Leads professor to cancel presentation by illegal immigrant
Student activists at Northwestern University shouted down an Immigration and Customs Enforcement official who was trying to give a classroom presentation Tuesday.
But they didn’t get into the class without permission. An administration official invited them to make their presence felt in the class.
The ICE official and a Justice Department representative who was also slated to speak quickly left after it became clear the protesters would not stop talking.
The university has declined multiple requests to answer whether Dean of Students Todd Adams had the authority to invite the anti-law enforcement protesters into Prof. Beth Redbird’s sociology class.
Also silent so far: a Faculty Senate committee tasked with making recommendations on “faculty rights and responsibilities.”
Protesters ignore ground rules to not be ‘disruptive’
The ICE official was joined by a representative from the Executive Office for Immigration Review. They were guest speakers in Redbird’s class “Social Inequality: Race, Class, & Power.”
Outside the hall where Redbird’s class was hosted, multiple leftist groups were protesting the officials’ presence on campus. According to The Daily Northwestern, they included Latino activist group MEChA, Black Lives Matter NU, the Immigrant Justice Project, Asian Pacific American Coalition, NU Queer Trans Intersex People of Color, and Rainbow Alliance.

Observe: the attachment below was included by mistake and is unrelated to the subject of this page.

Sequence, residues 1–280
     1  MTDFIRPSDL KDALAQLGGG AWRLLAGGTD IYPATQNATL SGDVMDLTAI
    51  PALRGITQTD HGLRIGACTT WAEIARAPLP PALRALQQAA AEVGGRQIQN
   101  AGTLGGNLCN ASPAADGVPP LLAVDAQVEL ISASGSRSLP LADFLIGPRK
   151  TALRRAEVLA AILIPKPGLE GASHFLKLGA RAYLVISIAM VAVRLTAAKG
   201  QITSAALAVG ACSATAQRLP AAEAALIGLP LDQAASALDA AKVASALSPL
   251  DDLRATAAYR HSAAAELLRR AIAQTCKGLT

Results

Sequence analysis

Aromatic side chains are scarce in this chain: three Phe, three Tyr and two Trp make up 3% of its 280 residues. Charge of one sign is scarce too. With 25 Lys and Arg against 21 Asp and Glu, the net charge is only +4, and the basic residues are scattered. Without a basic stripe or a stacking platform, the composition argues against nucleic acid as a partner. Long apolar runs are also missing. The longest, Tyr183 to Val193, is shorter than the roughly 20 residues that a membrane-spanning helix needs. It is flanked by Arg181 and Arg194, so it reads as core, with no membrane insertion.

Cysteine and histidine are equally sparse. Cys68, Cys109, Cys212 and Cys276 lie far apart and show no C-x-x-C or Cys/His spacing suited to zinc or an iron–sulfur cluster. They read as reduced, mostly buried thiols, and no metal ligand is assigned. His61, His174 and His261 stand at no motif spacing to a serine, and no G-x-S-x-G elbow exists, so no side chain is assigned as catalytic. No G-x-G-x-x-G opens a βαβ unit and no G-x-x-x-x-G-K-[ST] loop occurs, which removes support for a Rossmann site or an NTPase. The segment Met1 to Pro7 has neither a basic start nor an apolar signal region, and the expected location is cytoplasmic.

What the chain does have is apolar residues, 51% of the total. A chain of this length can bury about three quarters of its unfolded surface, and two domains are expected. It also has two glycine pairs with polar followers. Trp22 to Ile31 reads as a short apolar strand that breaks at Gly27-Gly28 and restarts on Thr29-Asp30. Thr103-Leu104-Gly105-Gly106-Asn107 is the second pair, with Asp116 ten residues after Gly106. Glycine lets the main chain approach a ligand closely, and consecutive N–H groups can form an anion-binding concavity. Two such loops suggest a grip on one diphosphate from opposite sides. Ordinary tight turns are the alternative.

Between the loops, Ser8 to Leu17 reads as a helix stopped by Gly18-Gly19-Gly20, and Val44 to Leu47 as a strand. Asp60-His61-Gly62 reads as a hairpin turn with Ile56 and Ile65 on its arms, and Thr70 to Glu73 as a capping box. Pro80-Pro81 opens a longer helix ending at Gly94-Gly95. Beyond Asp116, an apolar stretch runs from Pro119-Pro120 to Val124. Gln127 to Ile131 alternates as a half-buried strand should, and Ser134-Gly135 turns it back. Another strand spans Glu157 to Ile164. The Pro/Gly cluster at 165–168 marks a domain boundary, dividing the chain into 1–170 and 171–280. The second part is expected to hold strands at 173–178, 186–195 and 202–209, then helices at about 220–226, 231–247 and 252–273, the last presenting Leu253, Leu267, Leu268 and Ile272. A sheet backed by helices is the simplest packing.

As Redbird’s class was starting, the protesters marched into the hall chanting slogans such as “Fuck ICE” while holding up banners and signs.
Administrators including Adams, who had stationed themselves by the protest, told the activists they could enter Redbird’s class as long as they were not disruptive, according to the Daily.
— Daily Northwestern (@thedailynu) May 17, 2017
After they showed up at her door, Redbird invited the activists to listen to the presentations and told them they could speak to the class afterward.
The activists did not follow the ground rules issued by Adams and Redbird. They “refused to sit down,” held their signs aloft and grilled Redbird about why she had invited an ICE official, knowing how it might offend or harm undocumented students or those who know people who have been detained by ICE, the Daily said.